Overview of Narcotic Abuse
Opioid drugs, also called opiates or narcotics, have been used since the beginning of recorded history. Opium is derived from a white liquid produced by the poppy plant, first cultivated in the Middle East and Asia. It was used therapeutically in ancient cultures to induce calm and to relieve pain, and recreationally to induce euphoric dream states. Today, physicians prescribe narcotics for pain relief. Whether plant derived (natural) or synthetic, narcotics are sometimes still referred to as opioids.
Narcotics produce intense pleasure and general calmness:
- Drowsiness, tranquilization, or sleep
- Feeling of well-being
- Pain relief (analgesia)
- Temporary euphoria; a "high"
Narcotics like morphine, heroin, codeine, opium, hydrocodone, oxycodone, meperidine, and methadone bind to certain painkilling sites in the brain. With consistent use, they build up in the brain and block the production of endorphins, the brain's natural painkilling chemicals. Opium, morphine, and heroin (a derivative of morphine) were commercially available for purchase in the United States throughout the 19th century.
For complaints of diarrhea, menstruation, and headache, physicians commonly prescribed opioids in the form "tonics," elixirs," and "cordials" much in the way aspirin is used today. Their use, and even abuse, was less likely to be seen as problematic. Opium dens provided a place for people to smoke the drug. However, as policy makers began to address the social consequences surrounding narcotic addiction, drug use became stigmatized as a lower-class recreation. Shortly thereafter, the general public became intolerant of narcotic, now illicit, drug use. Abuse was defined as a problem and using heroin and smoking opium were eventually made illegal.
Narcotic abuse is defined by impaired function and interference in the daily life of the user. Users often develop serious physical, social, and mental health problems that compromise well-being and affect family and friends. Narcotic abuse costs the nation $10 billion a year in treatment, care, and lost productivity; this does not include the cost of treating use-related diseases, like AIDS.
Incidence and Prevalence of Narcotic Abuse
The U.S. Food and Drug Administration reports that more than 16,000 people die from an opioid-related overdose each year in the United States. According to the Centers for Disease Control and Prevention (CDC) in April 2014, the number of drug overdose deaths in the United States have increased regularly for more than 10 yearssurpassing car crashes as the leading cause for injury death in 2013.
Misuse and abuse of prescription pain relievers, as well as illicit opioids like heroin, have become a major public health concern. Men in the United States use illicit drugs slightly more than women. Narcotic abuse among non-Caucasian people is reportedly highest, especially in urban areas.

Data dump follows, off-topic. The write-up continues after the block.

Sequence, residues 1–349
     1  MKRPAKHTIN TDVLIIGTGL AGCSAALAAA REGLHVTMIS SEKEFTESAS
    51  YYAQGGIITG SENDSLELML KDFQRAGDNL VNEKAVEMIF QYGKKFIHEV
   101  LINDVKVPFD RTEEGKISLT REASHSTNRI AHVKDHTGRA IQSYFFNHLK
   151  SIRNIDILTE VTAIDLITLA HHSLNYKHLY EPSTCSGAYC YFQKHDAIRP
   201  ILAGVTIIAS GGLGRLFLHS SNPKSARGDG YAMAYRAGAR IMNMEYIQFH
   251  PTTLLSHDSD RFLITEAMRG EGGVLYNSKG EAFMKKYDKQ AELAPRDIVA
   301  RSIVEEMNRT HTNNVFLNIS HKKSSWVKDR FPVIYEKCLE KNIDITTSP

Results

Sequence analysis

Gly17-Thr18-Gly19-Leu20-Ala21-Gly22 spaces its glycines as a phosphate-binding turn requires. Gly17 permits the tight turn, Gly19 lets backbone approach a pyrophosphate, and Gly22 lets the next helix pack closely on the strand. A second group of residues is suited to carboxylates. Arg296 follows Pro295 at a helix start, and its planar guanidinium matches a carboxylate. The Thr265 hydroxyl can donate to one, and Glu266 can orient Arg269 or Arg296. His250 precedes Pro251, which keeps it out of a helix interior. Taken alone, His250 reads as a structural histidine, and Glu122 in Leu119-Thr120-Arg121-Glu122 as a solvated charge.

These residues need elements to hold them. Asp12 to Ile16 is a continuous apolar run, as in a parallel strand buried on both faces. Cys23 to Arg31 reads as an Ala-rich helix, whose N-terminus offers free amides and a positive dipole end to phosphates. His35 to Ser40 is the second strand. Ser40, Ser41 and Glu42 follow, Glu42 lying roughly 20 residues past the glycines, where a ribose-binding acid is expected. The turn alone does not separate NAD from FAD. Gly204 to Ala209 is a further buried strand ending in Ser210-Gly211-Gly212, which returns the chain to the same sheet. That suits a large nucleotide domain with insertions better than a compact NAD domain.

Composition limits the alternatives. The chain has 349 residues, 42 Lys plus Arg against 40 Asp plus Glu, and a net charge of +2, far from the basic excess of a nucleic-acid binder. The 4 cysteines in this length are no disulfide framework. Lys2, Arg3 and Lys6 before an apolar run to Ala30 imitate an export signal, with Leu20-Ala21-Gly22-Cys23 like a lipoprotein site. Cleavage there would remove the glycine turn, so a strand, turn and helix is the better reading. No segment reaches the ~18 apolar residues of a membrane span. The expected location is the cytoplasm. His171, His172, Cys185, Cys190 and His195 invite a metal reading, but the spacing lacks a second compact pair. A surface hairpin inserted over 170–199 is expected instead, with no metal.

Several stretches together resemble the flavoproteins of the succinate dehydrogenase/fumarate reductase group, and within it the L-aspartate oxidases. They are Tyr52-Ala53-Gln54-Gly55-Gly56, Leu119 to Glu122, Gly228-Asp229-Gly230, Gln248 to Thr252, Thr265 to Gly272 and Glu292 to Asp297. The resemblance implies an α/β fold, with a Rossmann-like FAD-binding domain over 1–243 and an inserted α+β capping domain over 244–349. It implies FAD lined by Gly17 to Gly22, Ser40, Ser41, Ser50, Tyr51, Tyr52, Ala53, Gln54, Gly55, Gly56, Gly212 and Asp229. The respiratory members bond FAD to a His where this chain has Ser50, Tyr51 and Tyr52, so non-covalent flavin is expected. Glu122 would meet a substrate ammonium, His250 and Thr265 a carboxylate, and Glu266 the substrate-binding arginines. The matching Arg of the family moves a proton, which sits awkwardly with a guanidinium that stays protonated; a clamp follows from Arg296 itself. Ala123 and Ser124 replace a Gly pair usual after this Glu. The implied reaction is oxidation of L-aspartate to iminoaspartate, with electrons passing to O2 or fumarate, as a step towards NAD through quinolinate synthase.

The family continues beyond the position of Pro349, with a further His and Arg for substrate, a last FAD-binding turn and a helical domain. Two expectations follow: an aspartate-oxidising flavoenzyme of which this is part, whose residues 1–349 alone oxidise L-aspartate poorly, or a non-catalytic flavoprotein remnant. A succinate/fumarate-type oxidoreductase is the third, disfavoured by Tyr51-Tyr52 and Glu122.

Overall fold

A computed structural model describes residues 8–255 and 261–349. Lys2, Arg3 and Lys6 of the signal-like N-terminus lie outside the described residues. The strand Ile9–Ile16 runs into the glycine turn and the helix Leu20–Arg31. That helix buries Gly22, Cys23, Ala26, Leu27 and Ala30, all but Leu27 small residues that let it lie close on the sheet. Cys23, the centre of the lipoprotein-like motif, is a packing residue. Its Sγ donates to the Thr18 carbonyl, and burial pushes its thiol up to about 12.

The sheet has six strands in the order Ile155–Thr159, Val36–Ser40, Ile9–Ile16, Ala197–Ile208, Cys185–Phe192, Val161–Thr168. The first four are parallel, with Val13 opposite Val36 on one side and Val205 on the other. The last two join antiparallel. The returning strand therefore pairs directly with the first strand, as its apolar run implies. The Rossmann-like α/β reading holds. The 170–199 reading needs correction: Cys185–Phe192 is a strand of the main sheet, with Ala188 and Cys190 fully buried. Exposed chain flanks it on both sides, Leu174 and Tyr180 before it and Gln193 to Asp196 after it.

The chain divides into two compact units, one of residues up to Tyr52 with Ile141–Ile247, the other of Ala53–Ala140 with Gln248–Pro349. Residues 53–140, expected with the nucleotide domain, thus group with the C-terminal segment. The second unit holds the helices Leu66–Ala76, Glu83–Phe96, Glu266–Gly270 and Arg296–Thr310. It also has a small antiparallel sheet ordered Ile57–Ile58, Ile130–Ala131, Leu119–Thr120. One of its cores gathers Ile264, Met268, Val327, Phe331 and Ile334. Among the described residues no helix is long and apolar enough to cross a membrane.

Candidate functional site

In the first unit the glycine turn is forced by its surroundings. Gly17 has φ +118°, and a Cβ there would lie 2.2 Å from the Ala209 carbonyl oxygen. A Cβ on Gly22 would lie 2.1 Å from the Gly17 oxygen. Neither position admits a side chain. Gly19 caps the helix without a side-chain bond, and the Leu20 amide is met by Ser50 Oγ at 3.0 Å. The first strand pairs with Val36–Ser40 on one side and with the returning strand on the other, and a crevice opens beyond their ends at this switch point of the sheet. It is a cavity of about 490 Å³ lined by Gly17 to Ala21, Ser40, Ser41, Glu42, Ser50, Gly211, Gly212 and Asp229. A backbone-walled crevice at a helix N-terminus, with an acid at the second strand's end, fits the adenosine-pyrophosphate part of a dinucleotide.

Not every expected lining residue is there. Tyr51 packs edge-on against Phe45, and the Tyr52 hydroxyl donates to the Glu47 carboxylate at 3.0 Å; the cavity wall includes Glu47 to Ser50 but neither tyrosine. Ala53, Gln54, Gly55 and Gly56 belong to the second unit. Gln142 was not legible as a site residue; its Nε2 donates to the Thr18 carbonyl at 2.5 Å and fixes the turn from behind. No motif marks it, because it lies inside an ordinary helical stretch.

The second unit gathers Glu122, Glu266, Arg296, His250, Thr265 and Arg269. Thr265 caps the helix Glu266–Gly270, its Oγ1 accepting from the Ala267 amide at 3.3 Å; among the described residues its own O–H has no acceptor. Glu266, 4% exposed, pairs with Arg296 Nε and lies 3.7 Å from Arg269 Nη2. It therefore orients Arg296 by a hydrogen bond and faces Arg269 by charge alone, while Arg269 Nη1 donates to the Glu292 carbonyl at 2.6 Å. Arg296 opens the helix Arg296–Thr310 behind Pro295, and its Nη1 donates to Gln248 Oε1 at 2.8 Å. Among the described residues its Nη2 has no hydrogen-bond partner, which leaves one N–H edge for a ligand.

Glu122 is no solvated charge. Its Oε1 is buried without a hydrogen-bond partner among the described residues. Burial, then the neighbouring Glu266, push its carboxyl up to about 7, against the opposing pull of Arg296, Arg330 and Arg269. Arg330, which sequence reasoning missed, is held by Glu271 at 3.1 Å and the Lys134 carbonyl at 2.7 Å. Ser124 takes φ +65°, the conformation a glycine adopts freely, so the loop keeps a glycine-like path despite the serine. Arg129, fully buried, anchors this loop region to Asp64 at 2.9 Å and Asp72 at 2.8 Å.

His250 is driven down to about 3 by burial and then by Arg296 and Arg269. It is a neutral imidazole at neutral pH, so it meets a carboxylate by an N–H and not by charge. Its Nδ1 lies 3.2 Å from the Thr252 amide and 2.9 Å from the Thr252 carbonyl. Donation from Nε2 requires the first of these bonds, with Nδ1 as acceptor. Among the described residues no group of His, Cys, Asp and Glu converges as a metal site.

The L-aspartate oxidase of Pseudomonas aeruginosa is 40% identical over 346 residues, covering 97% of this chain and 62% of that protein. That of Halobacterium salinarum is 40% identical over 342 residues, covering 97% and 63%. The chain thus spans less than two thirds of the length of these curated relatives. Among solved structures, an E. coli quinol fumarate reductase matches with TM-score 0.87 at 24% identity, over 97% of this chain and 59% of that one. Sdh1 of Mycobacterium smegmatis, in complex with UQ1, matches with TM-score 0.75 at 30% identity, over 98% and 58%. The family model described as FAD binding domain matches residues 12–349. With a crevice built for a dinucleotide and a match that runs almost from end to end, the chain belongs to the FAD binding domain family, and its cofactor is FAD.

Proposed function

Addiction: How Narcotics Work
The biochemical effects of narcotic drugs are what make them addictive. Narcotics bind to painkilling sites throughout the brain, known as opioid-U receptors or the "reward pathway." This leads to slower uptake of neurotransmitters, like dopamine, between neurons. Immediate effects include cessation of pain, drowsiness, and a feeling of well-being associated with pain reduction. With chronic use, the brain may stop producing endorphins, natural painkilling chemicals, and the user develops tolerance. The user must replace the missing endorphins with narcotics in order to feel good and to avoid the painful effects of narcotic withdrawal. The user becomes dependent on increasing amounts of the drug to feel good. Abuse usually leads to dependence.
Addiction is a chronic illness of the brain. Although one initially chooses to use narcotics, addiction is more than a behavioral problem; it is physiological and psychological. Compulsive use and relapse after recovery are a few of the behavioral problems that result from dependence. Use and relapse may be enforced by environmental cues, like peer influence and specific cultural stimuli. Breaking the habit of drug addiction is difficult and requires detoxification, changes in lifestyle, and therapy.
Risk Factors for Narcotic Abuse
Psychological and environmental risk factors for narcotic use include the following:
- Antisocial and experimental attitudes (i.e., rebellious nature) during adolescence
- Environmental factors
- Family problems
- Gang membership
- Inner-city culture
- Wealth or disposable income
- Family history of substance abuse and drug addiction
- Low self-esteem
Updated by Remedy Health Media